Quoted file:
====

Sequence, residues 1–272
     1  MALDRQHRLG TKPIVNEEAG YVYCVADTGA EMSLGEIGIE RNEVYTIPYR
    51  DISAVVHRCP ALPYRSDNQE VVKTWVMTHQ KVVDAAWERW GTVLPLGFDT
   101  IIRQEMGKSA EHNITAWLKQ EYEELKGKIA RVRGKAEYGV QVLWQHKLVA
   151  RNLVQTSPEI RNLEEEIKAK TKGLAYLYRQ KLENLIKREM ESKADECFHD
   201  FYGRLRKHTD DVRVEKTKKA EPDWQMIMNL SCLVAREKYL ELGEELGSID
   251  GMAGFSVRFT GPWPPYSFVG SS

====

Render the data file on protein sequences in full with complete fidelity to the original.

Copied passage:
Sequence, residues 1–272
     1  MALDRQHRLG TKPIVNEEAG YVYCVADTGA EMSLGEIGIE RNEVYTIPYR
    51  DISAVVHRCP ALPYRSDNQE VVKTWVMTHQ KVVDAAWERW GTVLPLGFDT
   101  IIRQEMGKSA EHNITAWLKQ EYEELKGKIA RVRGKAEYGV QVLWQHKLVA
   151  RNLVQTSPEI RNLEEEIKAK TKGLAYLYRQ KLENLIKREM ESKADECFHD
   201  FYGRLRKHTD DVRVEKTKKA EPDWQMIMNL SCLVAREKYL ELGEELGSID
   251  GMAGFSVRFT GPWPPYSFVG SS